Randle v. Chase Bank et al

Filing 95

ORDER AND OPINION entered by Magistrate Judge Jonathan E. Hawley on 2/13/2018. For the reasons stated above, the Defendants' Motion for Summary Judgment on Count I (race discrimination) is GRANTED. All other counts of the Third Amended Complaint are DISMISSED without prejudice. This case is terminated. SEE FULL WRITTEN ORDER AND OPINION. (JS, ilcd)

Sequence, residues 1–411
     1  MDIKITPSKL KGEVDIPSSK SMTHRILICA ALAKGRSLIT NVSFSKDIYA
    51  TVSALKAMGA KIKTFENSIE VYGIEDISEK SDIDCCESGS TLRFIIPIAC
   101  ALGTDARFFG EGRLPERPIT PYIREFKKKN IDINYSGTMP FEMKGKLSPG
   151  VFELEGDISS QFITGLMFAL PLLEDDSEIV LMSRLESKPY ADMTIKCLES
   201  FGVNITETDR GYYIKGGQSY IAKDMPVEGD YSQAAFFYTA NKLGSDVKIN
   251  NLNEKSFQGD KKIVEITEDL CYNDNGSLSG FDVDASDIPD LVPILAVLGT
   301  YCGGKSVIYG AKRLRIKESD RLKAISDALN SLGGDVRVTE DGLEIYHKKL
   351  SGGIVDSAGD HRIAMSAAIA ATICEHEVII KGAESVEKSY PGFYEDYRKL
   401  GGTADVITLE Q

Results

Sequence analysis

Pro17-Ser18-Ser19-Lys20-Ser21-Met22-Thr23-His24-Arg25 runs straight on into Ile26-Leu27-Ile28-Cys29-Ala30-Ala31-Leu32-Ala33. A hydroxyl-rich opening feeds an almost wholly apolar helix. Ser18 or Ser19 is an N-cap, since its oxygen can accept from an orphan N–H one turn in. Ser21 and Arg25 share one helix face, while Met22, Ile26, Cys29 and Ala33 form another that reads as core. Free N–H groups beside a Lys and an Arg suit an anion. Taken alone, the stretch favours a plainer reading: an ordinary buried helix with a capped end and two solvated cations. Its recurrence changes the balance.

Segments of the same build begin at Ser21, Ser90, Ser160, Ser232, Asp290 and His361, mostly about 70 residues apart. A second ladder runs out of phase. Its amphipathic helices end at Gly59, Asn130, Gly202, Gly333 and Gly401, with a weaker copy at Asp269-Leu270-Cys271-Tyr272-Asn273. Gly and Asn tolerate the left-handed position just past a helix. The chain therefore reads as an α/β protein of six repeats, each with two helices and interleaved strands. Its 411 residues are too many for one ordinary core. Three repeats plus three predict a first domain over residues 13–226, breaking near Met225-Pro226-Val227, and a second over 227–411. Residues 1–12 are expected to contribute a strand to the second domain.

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E-FILED Tuesday, 13 February, 2018 02:58:57 PM Clerk, U.S. District Court, ILCD IN THE UNITED STATES DISTRICT COURT CENTRAL DISTRICT OF ILLINOIS PEORIA DIVISION HURLESTINE RANDLE, Plaintiff, v. Case No. 1:13-cv-1503-JEH CHASE BANK, GREG HANEY, AND BEV DAVIS ANDERSON, Defendants. Order and Opinion Now before the Court is the Defendants’ Motion for Summary Judgment (Doc. 89). The Defendants move for summary judgment as to Count I of the Plaintiff’s Third Amended Complaint (Doc. 53), as to the time-barred allegations of battery and assault in Counts II and III of the Plaintiff’s Third Amended Complaint, and as to the intentional infliction of emotional distress claim in Count VI against Defendant Chase in the Third Amended Complaint. The Motion is fully briefed and for the reasons set forth below, the Defendants’ Motion is GRANTED. Because the grant of that motion resolves the only federal claim in this case, the Court declines to exercise supplemental jurisdiction over the remaining state law claims. I On July 8, 2016, Plaintiff Randle filed her Third Amended Complaint (Doc. 53) which is the controlling complaint in this case. In it, Randle alleged that she consistently worked 40-hour workweeks as a full-time employee and never made any complaints to Defendant Chase until Defendants Greg Haney (Haney) and Bev Davis Anderson (Davis) became her supervisors around April 2004. She 1 alleged their harassment of her began on or around that time when they engaged in practical jokes at her expense. Randle alleged, among other things that: in 2004 she was instructed to take down pictures of her biracial grandchildren on her desk though Defendant Davis kept her non-biracial children’s pictures on her desk and it was later confirmed to Randle that she could have pictures of her grandchildren on her desk; in 2004 Davis and Haney put an insect in her sandwich and laughed at her; around April 2004 until October 7, 2009, Randle would schedule doctor’s appointments and give Davis two weeks’ notice but when the appointment dates came, Davis would take an extra long lunch to intentionally make Randle late for her appointments; from around April 2004 throughout her employment, Randle would attend morning meetings and Defendant Davis would scowl at her when she attempted to talk and Haney would not stop Davis’s scowling behavior; around July 2009, Randle asked Haney to cash a check for her at the end of the day and she overheard him and Davis laughing loudly and holding her check up for all to see while commenting about how it came from public aid; around December 2009, the bank branch where Randle worked received a threat and Haney failed to inform her of the threat; around February 2010, Haney gave Randle a birthday card with a picture of a tall skinny black dog standing on its hind legs wearing an apron and serving people to mock Randle based upon her race; around July 2010, Randle was supposed to receive a 20-year anniversary plaque from Chase but she did not receive it and questioned Haney about it who admitted he actually had it for a few weeks but had not given it to her in retaliation for her complaining to their district manager; around February 2011, Randle put her jacket on and discovered long straight pins planted in her coat while at work by Haney and Davis; and around October 2011, a customer entered the bank and stated Randle could pass 2 for a pretty black Barbie doll and later that afternoon, Davis presented Randle with a black baldheaded baby doll. Randle’s original complaint was filed on October 23, 2013 and the Court thereafter dismissed her claims of employment discrimination against Haney and Davis. After Randle filed her first amended complaint, the Court: dismissed her claims for sexual harassment, age discrimination, negligent retention, and retaliation with prejudice; dismissed all battery and assault allegations occurring prior to October 23, 2011; dismissed her claims for trespass, trespass to chattels, and conversion; and limited her claims for battery and assault to events occurring after October 23, 2011. Ultimately, in her Third Amended Complaint 1, Randle brought a count for racial discrimination under Title VII of the Civil Rights Act of 1964, 42 U.S.C. 2000e, et seq., against Chase Bank, a count for battery against Davis, a count for assault against Haney, and counts of intentional infliction of emotional distress against Davis, Haney, and Chase. A The undisputed facts relevant to Defendants’ motion for partial summary judgment are as follows. 2 Plaintiff Hurlestine Randle (Randle) is an African American female that began work at Chase Bank (then known as Jefferson Bank) in July 1990 as a teller at the branch located at 2301 N. Wisconsin Avenue, Peoria, Illinois (Wisconsin Plaza branch). Defendant Davis (a Caucasian female) joined Chase Bank in 1993 and became the Assistant Branch Manager at the Wisconsin Plaza branch in 2003, a position she held until that branch closed in September 2014. Defendant Haney The Court granted the Defendants’ Motion to Strike Paragraph 55 of Randle’s Second Amended Complaint and directed Randle to file a Third Amended Complaint omitting the allegations of Paragraph 55. 2 These facts are taken from the various filings of the parties on motion for summary judgment indicating facts that are not in dispute. 1 3 (a Caucasian male) was the Branch Manager at the Wisconsin Plaza branch from 2003 until its closing in 2014. The chain of command from 2003 through 2014 was such that Randle reported to Davis, and Davis reported to Haney. Sandra Bergh (Bergh) was the district manager in Central Illinois for Chase Bank from 2005 through at least 2012, including the Peoria locations. Defendant Haney reported to Bergh. In March 2010, Plaintiff Randle’s hours were reduced from 40 hours per week to 30 hours per week. Randle was upset by the reduction in her hours and she blamed Haney and Davis. Initially, Randle complained to Bergh and to Chase human resources in September 2010. Before filing any charges, Randle voiced her complaints about the working environment with Davis and Haney to a number of individuals and departments at Chase Bank, including its CEO Jamie Dimon. Randle filed her first Illinois Department of Human Rights (IDHR)/Equal Employment Opportunity Commission (EEOC) charge against Defendants Davis, Haney, and Chase on August 23, 2012 alleging employment discrimination, harassment, and retaliation based on her race. withdrew the charge on May 17, 2013. Randle later Randle then filed her second IDHR/EEOC charge on June 7, 2013 alleging only retaliatory harassment against Davis, Haney, and Chase, but Randle withdrew that charge in April 2014. On April 22, 2013, Randle obtained an ex parte Emergency Stalking-No Contact Order against Haney and Davis based upon allegations of stalking and harassment, captioned as Peoria County Case Nos. 13-OP-362 and 13-OP-363. Those emergency orders prevented Haney and Davis from coming within 300 feet of Randle at any location. In order to comply with the court’s emergency orders, Randle was transferred to the Knoxville Chase Bank branch located at 7707 North Knoxville Avenue, Peoria, Illinois. 4 Randle’s employment at Chase Bank was terminated on May 21, 2014 because she stated that she was unable to work and did not know if she would be able to return at a future date. Immediately prior to her termination, Randle missed a year of work for various physical and mental health issues, including short-term disability granted her by Chase from May 15, 2013 to July 15, 2013 and a leave of absence from July 25, 2013 through October 30, 2013. Randle was on disability because she could not perform her job duties due to various physical and mental health issues, including visual hallucinations. 3 Dr. Mary Papandria, Randle’s licensed clinical psychologist who initially saw her in November 2013 to assess her for the presence or absence of disability that would impair her ability to work (for purposes of Social Security disability), stated that Randle was disabled from work at the time she treated her. B In their Motion for Summary Judgment, the Defendants argue that no materially adverse employment action taken against Randle was motivated by race and that she was not subjected to a hostile work environment based upon her race. They also argue that several alleged discriminatory acts that predate Randle’s August 23, 2012 EEOC charge filing by more than 300 days (October 28, 2011 or earlier) are time-barred and that the individual Defendants are entitled to summary judgment on the majority of Randle’s assault and battery allegations because they occurred before October 23, 2011 (the statute of limitations for personal injury actions is two years 4 and Randle filed her original complaint on October 23, 2013). The Defendants further argue that Randle’s claim for intentional infliction of emotional distress (IIED) against Chase is preempted by Defendants’ Undisputed Material Fact ¶ 2.e. is deemed as such because the Plaintiff did not identify it as disputed and/or immaterial. 4 735 ILCS 5/13-202. 3 5 the Illinois Human Rights Act (IHRA). Lastly, the Defendants argue that if the Court grants summary judgment on Count I (race discrimination), there remains no federal jurisdictional basis on the remaining state tort claims and so the Court should dismiss those state law claims. In response, Randle argues that she suffered an adverse employment action in that her hours were cut and she was subjected to a pattern of abuse and discrimination that she alone was subjected to which caused her to suffer severe physical and mental health issues which caused her to be unable to work and that caused her to be fired. She argues her hostile work environment claim is not time-barred because the Supreme Court has held that as long as there are timely filed charges which are themselves actionable, other facts which are not actionable are still admissible to show a pattern in a claim for hostile work environment. Randle also argues that it cannot be the case that her assault and battery claims are time-barred where the Defendants were put on notice of them with her original EEOC filings. With regard to her intentional infliction of emotional distress claim against Chase, Randle concedes that the IHRA preempts that claim as she “cannot maintain a separate action over the very same incidents [of alleged racial discrimination].” II Summary Judgment is appropriate “if the movant shows that there is no genuine dispute as to any material fact and the movant is entitled to judgment as a matter of law.” FED. R. CIV. P. 56(a); see also Celotex Corp. v. Catrett, 477 U.S. 317, 322-23 (1986). The moving party has the burden of providing proper documentary evidence to show the absence of a genuine issue of material fact. Celotex Corp., 477 U.S. at 323-24. Once the moving party has met its burden, the opposing party must come forward with specific evidence, not mere allegations or denials of the pleadings, which demonstrates that there is a genuine issue for 6 trial. Gracia v. Volvo Europa Truck, N.V., 112 F.3d 291, 294 (7th Cir. 1993). “[A] party moving for summary judgment can prevail just by showing that the other party has no evidence on an issue on which that party has the burden of proof.” Brazinski v. Amoco Petroleum Additives Co., 6 F.3d 1176, 1183 (7th Cir. 1993). Accordingly, the non-movant cannot rest on the pleadings alone, but must designate specific facts in affidavits, depositions, answers to interrogatories, or admissions that establish that there is a genuine triable issue; she “must do more than simply show that there is some metaphysical doubt as to the material fact.” Anderson v. Liberty Lobby, Inc., 477 U.S. 242, 256-57 (1986), quoting Matsushita Elec. Indus. Co. v. Zenith Radio Corp., 475 U.S. 574, 586 (1986); Hot Wax, Inc. v. Turtle Wax, Inc., 191 F.3d 813, 818 (7th Cir. 1999). However, the evidence of the nonmovant is to be believed, and all justifiable inferences are to be drawn in the nonmovant’s favor. Anderson, 477 U.S. at 255. Finally, a scintilla of evidence in support of the non-movant’s position is not sufficient to oppose successfully a summary judgment motion; “there must be evidence on which the jury could reasonably find for the [non-movant].” Id. at 250. III A Title VII makes it unlawful for an employer “to fail to refuse to hire or to discharge any individual, or otherwise to discriminate against any individual with respect to his compensation, terms, conditions, or privileges of employment, because of such individual’s race . . . .” 42 U.S.C. § 2000e-2(a)(1). For purposes of a race discrimination claim under Title VII, a plaintiff has the initial burden of establishing that: 1) she is a member of a protected class; 2) she performed reasonably on the job in accord with her employer’s legitimate expectations; 3) despite her reasonable performance, she was subjected to an adverse employment action; and 4) similarly situated employees outside of her 7 protected class were treated more favorably by the employer. David v. Bd. of Trs. of Cmty. Coll. Dist. No. 508, 846 F.3d 216, 225 (7th Cir. 2017), citing McDonnell Douglas Corp. v. Green, 411 U.S. 792 (1973). If the plaintiff satisfies that burden, then the employer must articulate a legitimate, nondiscriminatory reason for the adverse employment action. Id. If the employer does so, the burden shifts back to the plaintiff to submit evidence that the employer’s explanation is pretextual. Id. The parties’ arguments and evidence presented somewhat conflate the analysis the Court must engage in under McDonnell Douglas; however, the Court must still consider whether Randle can establish a prima facie case of race discrimination before the Court may engage in a pretext inquiry. Peele v. Country Mut. Ins. Co., 288 F.3d 319, 327 (7th Cir. 2002). The Defendants do not dispute that Randle is a member of a protected class and performed reasonably on the job in accord with her employer’s legitimate expectations. As for the third element of the prima facie case, on its face, the reduction in Randle’s working hours from 40 hours to 30 hours per week was an “adverse employment action” as her compensation was diminished. 5 See Herrnreiter v. Chi. Hous. Auth., 315 F.3d 742, 744 (7th Cir. 2002) (explaining that “adverse employment actions” fall into three groups of cases including where an “employee's compensation, fringe benefits, or other financial terms of employment are diminished”). With regard to the fourth element - similarly situated employees outside of the protected class who were treated more favorably by the employer – the Defendants only state that “[u]nless Randle has identified comparators under the fourth element, she fails to establish racial discrimination with circumstantial evidence.” They essentially concede the fourth element as they proceed to argue 5 The Defendants offer no argument otherwise. 8 that Randle cannot show that an adverse employment action was taken against her which was motivated by race (the first burden shift under McDonnell Douglas). 6 Randle has established her initial burden and thus, the Court must next consider whether Chase has articulated a legitimate, nondiscriminatory reason for the adverse employment action of the reduction of Randle’s working hours. Chase argues that she cannot show that a racially discriminatory motive caused the reduction in her working hours in 2010 or the verbal reprimand she received for the volume of her unproven complaints against Haney and Davis. Chase cites to Haney’s and Bergh’s deposition testimony in which each stated that Randle’s hours were reduced in 2010 due to the reduction in business at the Wisconsin Plaza branch. Dft’s MSJ, Haney Dep. (Doc. 89-7 at pg. 6) (“Hurlestine’s hours were reduced by a decision of upper management . . . Due to the profitability of the branch”); Bergh Dep. (Doc. 89-8 at pg. 12) (“Business was shrinking”). Chase also cites to a Human Resources document in which a Note on March 1, 2010 provided: Sandi Bergh called to discuss conversation she is having today with Hurlestine. Sandi is adjusting the Teller FTE at the branch and only needs a 30 hour teller at this small branch. As Hurlestine is fulltime, Sandi is going to talk with her about the business need for the change and offer her the opportunity to work at the Knoxville branch (just two miles or so away) as a full-time teller or to take the 30 hour position at the Wisconsin Plaza branch. We discussed talking points that Sandi could use in her conversation. Whether employees are similarly situated is a “flexible, common-sense, and factual inquiry.” David, 846 F.3d at 225. “Relevant factors include whether the employees: held the same job description; were subject to the same standards; were subordinate to the same supervisor; and had comparable experience, education, and other qualifications – provided the employer considered these latter factors in making the personnel decision. Id. at 226 (internal citations omitted). Randle identified no other employees as “similarly situated.” Notably, from the face of Randle’s allegations in her Third Amended Complaint and the evidence the parties present on summary judgment, Randle has not established that similarly situated employees outside of her protected class were treated more favorably by Chase. 6 9 Dft’s MSJ, Bergh Dep., Dep. Ex. 1 (Doc. 89-8 at pg. 17). Randle counters that she testified in her deposition that her hours were cut and she was the only employee whose hours were cut while Haney’s and Davis’s, both white employees, hours were not cut. In addition to her deposition testimony, her evidence in support includes a Human Resources document dated from June 24, 2009 to December 16, 2009 and her own Affidavit dated December 29, 2017. Plf’s Resp. Exh. 4; Exh. 6 Randle Aff. (Docs. 91-4 and 91-6). Even after drawing all reasonable inferences from Randle’s cited evidence in her favor, the Court finds that the evidence does not create a material issue of fact that Chase’s reason for Randle’s reduction in hours was pretextual. Instead, the evidence reveals that Chase did not subject Randle to a reduction in hours based upon her race but that the reduction was due to legitimate, nondiscriminatory reasons and she herself chose to experience a reduction in her hours. Her cited-to Chase Human Resources document says nothing about a reduction in her working hours or even Randle’s schedule generally. Her Affidavit in which she makes the bald assertion that it was only after she began reporting Davis’s and Haney’s harassment that her hours were cut came after she had already been deposed and the Defendants filed the instant Motion for Summary Judgment. Her Affidavit is self-serving and without factual support. See Butts v. Aurora Health Care, Inc., 387 F.3d 921, 925 (7th Cir. 2004) (“It is true that self-serving statements in affidavits without factual support in the record carry no weight on summary judgment”). During her deposition, Randle acknowledged that at the time she learned her hours were cut from 40 to 30 hours per week, “he [unidentified] claimed I guess it was slow or whatever . . . .” See Stinnett v. Iron Works Gym/Executive Health Spa, Inc., 301 F.3d 610, 614 (7th Cir. 10 2002) (“Courts generally ignore attempts to patch-up potentially damaging deposition testimony with a supplemental affidavit unless the party offers a suitable explanation—e.g., confusion, mistake or lapse in memory—for the discrepancy”). Haney’s and Bergh’s deposition testimony, on the contrary, is supported by the March 1, 2010 Chase Human Resources document which referenced the “business need for the change” in Randle’s teller hours at the Wisconsin Plaza branch and that Randle would be offered the opportunity to work full-time at the Knoxville branch. While she testified during her deposition that Davis’s and Haney’s hours were not cut, the undisputed evidence shows that Davis and Haney were salaried employees. In other words, no pretext can be gleaned from this fact where Davis and Haney were not similarly situated to her as they were not tellers and were not hourly employees. 7 Moreover, as the Defendants point out, Randle was offered an opportunity to transfer to the Knoxville branch into a full-time position. Randle does not point to any record evidence that contradicts the March 1, 2010 Chase Human Resources document. Her statement in her Affidavit that “the location [Defendants] tried to transfer me to was the Knoxville branch and the only position available to me was a twenty (20) per week [sic] branch” is, again, selfserving and without factual support in the record. Even if the Court were to consider that statement, it is only a scintilla of evidence which is insufficient to successfully oppose a summary judgment motion. See Anderson, 477 U.S. at 250. It was Randle who turned down the opportunity to transfer when offered to do As discussed above, the Defendants effectively conceded the fourth element of Randle’s prima facie case. Nevertheless, this evidence was properly presented by the Defendants to support their summary judgment motion. 7 11 so again in 2011 given her complaints about Haney and Davis. During her deposition, Randle testified: [B]ut I know that Greg [Haney] and Sandi [Bergh] both also tried to get me to transfer. And like I told Sandi and Greg and the other parties that tried to get me to transfer and even Paul Pendler [vice president of employee assistance and work life program at Chase] we talked about it, and like I told them, I was here four years before these two individuals arrived. Okay. So if they didn’t want to work with me or work with a black individual or whatever the situation may be, I’m not going anywhere. And I had built a reputation at that branch [Wisconsin Plaza]. I had strong communication and trust out of my customers and my customers adored me, and they would even come in and bring they kids in to see me even not on banking days. And like I told them, I’m not – I’m not leaving. That was my reason. Dft’s MSJ, Randle Dep. (Doc. 89-1 at pgs. 24-25). “A purely lateral transfer, that is, a transfer that does not involve a demotion in form or substance, cannot rise to the level of a materially adverse employment action.” Lavalais v. Village of Melorse Park, 734 F.3d 629, 634 (7th Cir. 2013). Here, the weight of evidence provides that Randle was offered simply a lateral transfer to the Knoxville branch. If a lateral transfer such as that cannot be considered a materially adverse employment action, then, certainly, the refusal to accept such a transfer cannot be considered as such. Randle offers no argument in opposition to Defendants’ that the verbal reprimand she received for the volume of unproven complaints she made against Davis and Haney did not amount to an adverse employment action. Accordingly, the Court finds Randle has conceded that point. The Court therefore finds that Randle has failed to present evidence sufficient to defeat the Defendants’ Motion for Summary Judgment on her claim of race discrimination for the discrete adverse employment actions of the reduction in her work hours 12 and the reprimand she received for her unproven complaints against Davis and Haney. Randle, however, also alleges that she was subjected to a hostile work environment because of her race. See Herrnreither, 315 F.3d at 745 (explaining that an “adverse employment action” falls into a third group of cases where the “harassment-mistreatment of an employee by coworkers or supervisors is sufficiently severe to worsen substantially [her] conditions of employment as they would be perceived by a reasonable person in the position of the employee”). To survive summary judgment on a hostile work environment claim, a plaintiff must prove four elements: 1) the plaintiff’s workplace was both subjectively and objectively offensive; 2) the plaintiff’s race was the cause of the harassment; 3) the harassment was severe or pervasive; and 4) there is a basis for employer liability. Williams v. Waste Mgmt. of Ill., 361 F.3d 1021, 1029 (7th Cir. 2004); Milligan-Grimstad v. Stanley, 877 F.3d 705, 714 (7th Cir. 2017). Recently, the Seventh Circuit Court of Appeals considered a hostile work environment claim where some of the plaintiff’s allegations fell outside of the statute of limitations. Milligan-Grimstad, 877 F.3d at 712. The Seventh Circuit explained that as a result, its analysis proceeded in two parts: first, the court had to determine which allegations survived the statute of limitations; and second, the court asked whether the allegations that did survive could prove a hostile work environment. Id. This Court will proceed with Randle’s hostile work environment claim in like manner. Randle filed her first IDHR/EEOC claim on August 23, 2012. Thus, only conduct that occurred after October 28, 2011 falls within the statute of limitations as 42 U.S.C. § 2000e-5(e)(1) provides that a plaintiff must file a charge within 300 days after the alleged unlawful employment practice occurred. However, as the Milligan-Grimstad court explained, the statute of limitations does not bar the 13 court from considering conduct that occurred several years before “so long as it formed a single unlawful employment practice that reached into the statutory period.” 877 F.3d at 712. The Defendants argue that they should be granted summary judgment on the alleged acts of discrimination that occurred on October 28, 2011 or earlier. Randle counters that all of the alleged discriminatory acts may be considered as timely pursuant to the Supreme Court’s decision in Nat’l R.R. Passenger Corp. v. Morgan, 536 U.S. 101 (2002). In that case, the Supreme Court explained that a discrete retaliatory or discriminatory act occurred on the day it happened. Id. at 110. The Supreme Court ultimately concluded that “a charge alleging a hostile work environment claim . . . will not be time barred so long as all acts which constitute the claim are part of the same unlawful employment practice and at least one act falls within the time period.” Id. at 122. Still, “[w]hen it is evident long before the plaintiff sues that she was the victim of actionable harassment, she cannot reach back and base her suit on conduct that occurred outside the statute of limitations.” Hardin v. S.C. Johnson & Son, Inc., 167 F.3d 340, 344 (7th Cir. 1999). Randle’s own allegations and the evidence she has presented reveal that it was evident to her long before she sued that she believed she was a victim of actionable harassment. See Hardin, 167 F.3d at 344 (stating that the continuing violation doctrine has delineated limits and a plaintiff cannot reach back and base her suit on conduct that occurred outside the statute of limitations). According to her own evidence, soon after their arrival to the Wisconsin Plaza branch, Haney and Davis directed their ire at Randle. Randle complained in March of 2010 to Bergh about a birthday card Randle received from Haney which Randle believed mocked her race. Plf’s Third Amended Complaint, ¶ 17. In July 2010, Randle was referred to Chase’s HR manager to investigate Randle’s complaints. Id. at ¶ 19. Again in January 2011, Randle contacted Bergh about 14 “continuing harassment” by Haney. Id. at ¶ 21. On January 14, 2011, Randle wrote a letter to Chase’s CEO regarding the “inappropriate behavior” by Davis and Haney. Id. at ¶ 23. Randle continued to reach out to others at Chase before October 28, 2011 to complain of Davis’s and Haney’s treatment of her. Id. at ¶¶ 27, 28, 32. Accordingly, as the plaintiff in Hardin, Randle cannot reach back and rely on evidence occurring prior to October 28, 2011 and so her hostile work environment claim must stand or fall on conduct that occurred after October 28, 2011. See Hardin, 167 F.3d at 345 (concluding that the plaintiff’s Title VII claims for racial and sexual harassment would have to stand or fall on conduct limited to the limitations period alone without consideration of evidence occurring prior to 300 days before she filed her complaint with the state agency where her evidence made apparent she believed she was a victim of harassment long before she filed her complaint). In their brief, the Defendants identify the allegations of Randle’s Third Amended Complaint and statements during her deposition which fall within the limitations period (post-October 28, 2011). Dft’s MSJ (Doc. 89 at pgs. 12-13). Those allegations include that Haney raised his hand in a position to slap Randle, Haney reduced Randle’s hours to 28 hours per week, Davis threw a round buckle at Randle’s arm, Davis and Haney put prints of penises on her window at work, and Davis and Haney vandalized Randle’s car. During her deposition, Randle testified that Davis and Haney broke into her house three times to scratch up her furniture, steal her clothes, and either cut up her wigs or dye them different colors and then replaced them. She also testified that Davis and Haney pulled up her privacy fence, put holes in her swimming pool, spread “green stuff” on her carpets, and carved her ceiling trim. The Defendants assert that Randle offers no corroborating evidence for those allegations and she admitted that during that period of time she experienced hallucinations to a degree that 15 she had to miss work and take medication to deal with the hallucinations. Defendants also argue that there is no evidence to show the claimed acts were racially motivated. The Court does not find that Randle has presented evidence sufficient to create a material dispute that her race was the cause of the harassment she alleges occurred at the Wisconsin Plaza branch during the limitations period. Randle maintains that she was “subjected to a pattern of abuse and discrimination that she alone was subjected to which caused her to suffer severe physical and mental health issues which caused her to be unable to work and that caused her to be fired.” Plf’s Resp. (Doc. 91 at pg. 10). The evidence she presents to defeat summary judgment includes her treating psychologist’s deposition testimony in which Dr. Mary Papandria, Ph.D opined that Randle’s depressive disorder with psychotic features evidencing paranoia and visual hallucinations was caused by her work environment. Id. at pg. 8. While the complained of conduct need not have been explicitly sexual or racial in order to create a hostile work environment, the complained of conduct must have had a racial character or purpose to support a Title VII claim. Hardin, 167 F.3d at 345. Though Dr. Papandria testified that she believed Randle’s race or gender caused the harassment she complained of at work, the Court does not find such evidence admissible (as Defendants argue) on the question of whether Randle was subjected to the conduct after October 28, 2011 because of her race. Under Daubert v. Merrell Down Pharmaceuticals, Inc., a district court must first determine whether the expert’s testimony pertains to scientific knowledge, and second, the district court must determine whether the evidence or testimony assists the trier of fact in understanding the evidence or in determining a fact in issue. O’Conner v. Commw. Edison Co., 13 F.3d 1090, 1106 (7th Cir. 1994), citing Daubert, 509 U.S. 579 (1993). 16 Dr. Papandria’s expert testimony does not satisfy the Daubert standard. The Defendants correctly argue that Dr. Papandria formulated her opinion based upon Randle’s subjective statements about her work environment. While the Court has no reason to question Dr. Papandria’s credentials to treat patients such as Randle, her testimony that race or gender discrimination was occurring at Randle’s work to cause Randle to experience severe emotional issues amounts to subjective belief and is not substantiated by anything other than what Randle told her. During her deposition, Dr. Papandria testified: Q. Did she relate to you any issues that she felt was being directed against her due to her race? A. Yes. Q. Going back to the history as you continued to see her, did you have the impression that this harassment started out, let’s say, as her co-employees playing practical jokes on her? Mr. Hills: Objection. Speculation. Q. Do you have any opinion or reference to that? A. Well, you know, my clinical opinion is based on what she told me, and my impression of what she felt was that they had something against her and she thought possible because of her race and that they were determined to ruin her life, drive her crazy, cause her to be unable to work . . . . Q. But is it your opinion that this [Randle’s delusion] was caused by harassment at work . . .? A. Yes . . . And from some of the things that she told me, definitely I would say there was harassment either based on her race or gender that was occurring at work and to a severity in her experience that caused her to have these emotional issues . . . . Plf’s Resp., Dr. Papandria Dep. (Doc. 91-2 at pgs. 10, 15, 46-47) (emphasis added). Moreover, there is nothing in her deposition to indicate that Dr. Papandria’s 17 opinions were formed based upon just those allegations falling within the statute of limitations in this case. For that reason as well, Dr. Papandria’s opinion on race as the cause of Randle’s harassment at work is inadmissible. In the end, after drawing all justifiable inferences from the evidence and allegations Randle presents, the complained of conduct, at most, shows that Haney and Davis did not get along with Randle. The conduct was neither explicitly nor inherently racial in character. The Seventh Circuit Court of Appeals recently clarified that the test in such a case as this “is simply whether the evidence would permit a reasonable factfinder to conclude that the plaintiff’s race . . . caused the discharge or other adverse employment action.” David, 846 F.3d at 224, quoting Ortiz v. Werner Enters., Inc., 834 F.3d 760 (7th Cir. 2016). The evidence in this case, as set forth above, would not permit a reasonable factfinder to conclude that Randle’s race caused the hostile work environment she alleges she experienced. Summary judgment must therefore be granted in the Defendants’ favor on Randle’s hostile work environment claim. B Having concluded that Chase is entitled to summary judgment on the federal claim in this case, the Court turns to the question of whether it should exercise supplemental jurisdiction over the remaining claims in this case, which all arise under Illinois law. The basis for the Court’s subject matter jurisdiction in this case is 28 U.S.C. § 1331, which grants federal district courts original jurisdiction over cases “arising under the Constitution, laws, or treaties of the United States.” 28 U.S.C. § 1331. This jurisdiction stems from Count I of the Complaint. The Court’s jurisdiction over all other claims lies in its supplemental jurisdiction, which is codified in 28 U.S.C. § 1367(a), whereby the jurisdiction of a federal district court is extended to all claims that are so related to a claim within 18 the court’s original jurisdiction that they form part of the same case or controversy within the meaning of Article III of the Constitution. See City of Chi. v. Int’l Coll. Of Surgeons, 522 U.S. 156, 164-65 (1997), citing 28 U.S.C. § 1367. Although Section 1367 authorizes federal courts to exercise supplemental jurisdiction over state-law claims, this does not mean that federal courts must exercise jurisdiction in all cases. See Int’l Coll. of Surgeons, 522 U.S. at 172. Rather, supplemental jurisdiction is “a doctrine of discretion, not of plaintiff’s right[.]” Id. Section 1367(c) permits a district court to decline to exercise supplemental jurisdiction for various reasons, including that the court has dismissed the claims over which it had original jurisdiction. Sanchez & Daniels v. Koresko, 503 F.3d 610, 614-15 (7th Cir. 2007), citing 28 U.S.C. § 1367(c). After a court has disposed of all the claims that gave it jurisdiction originally, a court must choose the course that best serves the principles of economy, convenience, fairness, and comity which underlie the supplemental jurisdiction doctrine. Id. at 615. In the interests of comity, the Court declines to exercise supplemental jurisdiction over the remaining state law claims. Those claims involve factual and legal questions sufficiently different from the federal claims raised in this case. Simply put, the state court should handle state law claims. The Court is aware of the exception to the general rule that the court relinquish jurisdiction of a state law claim if an interpretation of state law that knocks out the plaintiff’s claim is obviously correct such that the federal court should retain and decide it. Groce v. Eli Lilly & Co., 193 F.3d 496, 502 n.7 (7th Cir. 1999), citing Van Harken v. City of Chi., 103 F.3d 1346, 1354 (7th Cir. 1997). Here, the Court had no occasion to interpret state law as applied to Randle’s claim for IIED against Defendant Chase; rather, Randle simply conceded that she could not maintain a separate action for IIED against Chase over the very same incidents upon which her racial discrimination claim was based. This Court only goes so far as to acknowledge 19 that Randle conceded the futility of her claim for IIED against Chase. To go a step further and consider her claims for IIED against the individual Defendants is to go beyond what this Court considers proper as constrained by 28 U.S.C. § 1367(c). See also Sanchez, 503 F.3d at 615 (reiterating the “well-established law of this circuit [Seventh] that the usual practice is to dismiss without prejudice state supplemental claims whenever all federal claims have been dismissed prior to trial”), citing Groce, 193 F.3d at 501. All remaining claims are accordingly dismissed pursuant to 28 U.S.C. § 1367(c). IV For the reasons stated above, the Defendants’ Motion for Summary Judgment on Count I (race discrimination) is GRANTED. All other counts of the Third Amended Complaint are DISMISSED without prejudice. This case is terminated. It is so ordered. Entered on February 13, 2018. s/Jonathan E. Hawley U.S. MAGISTRATE JUDGE 20